Tucson Progressive

Pamela Powers, a progressive voice for Arizona

As UA tuition increases, will mini-dorms become empty monuments to greed?

Mini-dorm in the Feldman Neighborhood. (Photo Credit: Pamela Powers)

Michael Goodman, Richard Studwell, and other local developers have been merrily knocking down old houses and replacing them with mini-dorms for years now. They saw dollar signs when the University of Arizona announced that it would increase enrollment gradually from 38,000 to nearly 50,000 students but wouldn’t have enough dormitories to house them.

In addition to the mini-dorms, developers have proposed building multiple large dormitories in downtown Tucson.

Enter the Arizona Legislature to mess things up for these local businessmen.

The latest proposed budget cuts millions more from all levels of education, including $92 million from the UA budget. To make up part of that loss, the UA wants to raise tuition…again. From the Arizona Daily Star

The University of Arizona wants to increase base tuition and fees for Arizona students by $1,790 next year, a 22 percent hike [for in-state students].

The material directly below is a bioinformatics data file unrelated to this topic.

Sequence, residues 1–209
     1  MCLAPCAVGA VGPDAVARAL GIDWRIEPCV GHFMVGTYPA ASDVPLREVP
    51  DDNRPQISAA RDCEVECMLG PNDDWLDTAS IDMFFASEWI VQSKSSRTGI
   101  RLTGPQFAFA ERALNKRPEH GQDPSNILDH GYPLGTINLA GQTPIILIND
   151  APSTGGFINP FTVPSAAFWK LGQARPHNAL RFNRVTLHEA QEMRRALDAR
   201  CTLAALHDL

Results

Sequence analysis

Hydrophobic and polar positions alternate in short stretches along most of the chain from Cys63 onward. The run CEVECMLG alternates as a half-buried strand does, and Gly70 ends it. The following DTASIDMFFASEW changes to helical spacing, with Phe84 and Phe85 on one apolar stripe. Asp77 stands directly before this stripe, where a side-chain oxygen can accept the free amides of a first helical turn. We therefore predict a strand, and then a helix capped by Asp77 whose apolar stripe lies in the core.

If the proposal is accepted by the Arizona Board of Regents, the UA will have nearly doubled tuition and mandatory fees in six years as it uses more tuition revenue to cover increasing expenses and lost state support.

The increase would raise $22 million in extra tuition revenue for the UA. Gov. Jan Brewer has proposed a $67 million budget cut for the UA next year, and state Senate leaders have proposed a $92 million cut. The UA would make up the balance of the deficit through reduced spending and use of federal stimulus dollars.

Students would pay just over $10,000 next year, up from about $8,200 this year. Students also pay additional tuition and fees for particular programs, classes and services.